Rick Carter - Your Business 2.0
This week the focus is on Asking yourself the hard questions - Can you do it? What do I need to make it happen? Have I got what it takes?
While our focus in this show is What it takes to be an Entrepreneur in general. In every show we talk about what specifically being an Encore Entrepreneur means to help you understand the what and the why before launching into the how.
To help with this we have 2 regular segments -
Opportunities for the Modern Elder i
You have more time than you think.
The great management thinker Peter Drucker did most of his best work after the age of 65. And just last year, Impossible Foods, founded by 65-year-old scientist Pat Brown, was named Inc.'s company of the year. Expect to see more success stories like Brown. Because of increasing life expectancies, at age 60 you are likely only 57 percent of the way through your adult life. You have plenty of time to launch your second act.
Your biggest obstacle is in your mind.
Stanford psychologist Carol Dweck categorized people's attitudes to personal development into either fixed and growth mindsets. If you reach middle age with a fixed mindset, you believe your talents are inherent and don't change, so new challenges seem overwhelming. But if you adopt a growth mindset, those challenges become new opportunities to learn because you believe you can improve throughout your life.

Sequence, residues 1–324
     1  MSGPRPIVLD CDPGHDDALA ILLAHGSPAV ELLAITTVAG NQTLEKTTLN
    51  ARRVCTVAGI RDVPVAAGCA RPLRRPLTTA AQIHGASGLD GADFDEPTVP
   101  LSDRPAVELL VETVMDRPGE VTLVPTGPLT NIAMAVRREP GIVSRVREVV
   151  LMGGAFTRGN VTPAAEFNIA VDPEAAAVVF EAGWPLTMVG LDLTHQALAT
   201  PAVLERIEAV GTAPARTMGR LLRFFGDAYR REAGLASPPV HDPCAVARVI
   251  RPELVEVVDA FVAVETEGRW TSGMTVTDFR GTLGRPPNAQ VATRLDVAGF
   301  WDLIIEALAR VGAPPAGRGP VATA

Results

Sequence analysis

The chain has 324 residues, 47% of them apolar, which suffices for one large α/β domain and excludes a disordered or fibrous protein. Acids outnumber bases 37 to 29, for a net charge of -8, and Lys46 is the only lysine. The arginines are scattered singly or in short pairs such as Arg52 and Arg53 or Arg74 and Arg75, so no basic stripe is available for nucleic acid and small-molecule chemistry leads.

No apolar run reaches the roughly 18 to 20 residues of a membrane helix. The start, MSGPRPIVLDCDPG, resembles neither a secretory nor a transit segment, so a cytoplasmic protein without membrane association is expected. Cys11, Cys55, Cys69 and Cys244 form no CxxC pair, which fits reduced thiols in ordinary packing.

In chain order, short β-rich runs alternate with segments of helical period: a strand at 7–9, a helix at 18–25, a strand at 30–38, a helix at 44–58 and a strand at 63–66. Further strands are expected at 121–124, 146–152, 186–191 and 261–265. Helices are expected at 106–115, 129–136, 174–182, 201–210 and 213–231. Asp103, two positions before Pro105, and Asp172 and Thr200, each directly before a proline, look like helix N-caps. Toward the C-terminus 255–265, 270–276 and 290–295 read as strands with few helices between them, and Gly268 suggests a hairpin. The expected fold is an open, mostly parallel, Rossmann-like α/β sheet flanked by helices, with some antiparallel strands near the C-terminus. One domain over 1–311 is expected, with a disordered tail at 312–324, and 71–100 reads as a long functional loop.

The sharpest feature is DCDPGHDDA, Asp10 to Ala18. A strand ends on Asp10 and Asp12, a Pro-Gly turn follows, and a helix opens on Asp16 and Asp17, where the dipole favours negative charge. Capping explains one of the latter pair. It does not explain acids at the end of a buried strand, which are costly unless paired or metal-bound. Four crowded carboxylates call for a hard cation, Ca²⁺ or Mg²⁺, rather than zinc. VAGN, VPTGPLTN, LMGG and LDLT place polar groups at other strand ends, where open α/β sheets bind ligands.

Future Back Thinking
IDENTIFY THE MAJOR IMPLICATIONS OF THE FUTURE FOR YOUR ENTERPRISE
The goal, remember, is not to predict the future with certainty (nobody can) but to paint an impressionistic painting of it that is detailed enough to build clarity and alignment on what you will have to do to make its differences work to your advantage.
Once you have your painting, it’s time to project yourself into it. How will your current businesses fare in that new-and-different environment? Your answers will help you quantify your growth gap—the difference between what you hope to deliver and what you likely can. The size of the gap determines the size of the response you’ll have to muster.
What qualifies you to be an entrepreneur?
You need to be able and willing to take calculated risks for one; learn from your mistakes and generally be able to see the big picture and where you fit into it are two others. Great entrepreneurs are also pretty good communicators and have an uncanny ability to pick the right people to work with.
There is an enormous difference between wanting to do something and being able to make a living at doing that something.
Being a successful business owner requires investing your own money in addition to a ton of time and effort. Despite the appeal of being your own boss, the reality is that not everyone is cut out to be a successful business owner.
Here are five quick personality assessments to evaluate before taking the entrepreneurial plunge:
Are you Santa or an elf?
What's your relationship with money?
Are you comfortable flying blind?
Are you ready to commit?
Were you born for business?
What You Need to Do
Spend time on answering the questions we posed above
Check out the 10 TED talks for Entrepreneurs
Keep working on your Purpose Canvas
Keep developing your 1 minute Pitch by analysing what Problems you plan to solve and why based on what you learned today
The Last - Do you have a marketing strategy?
The Next - Using digital tools and technologies for cost effective results
Written by Rick Carter
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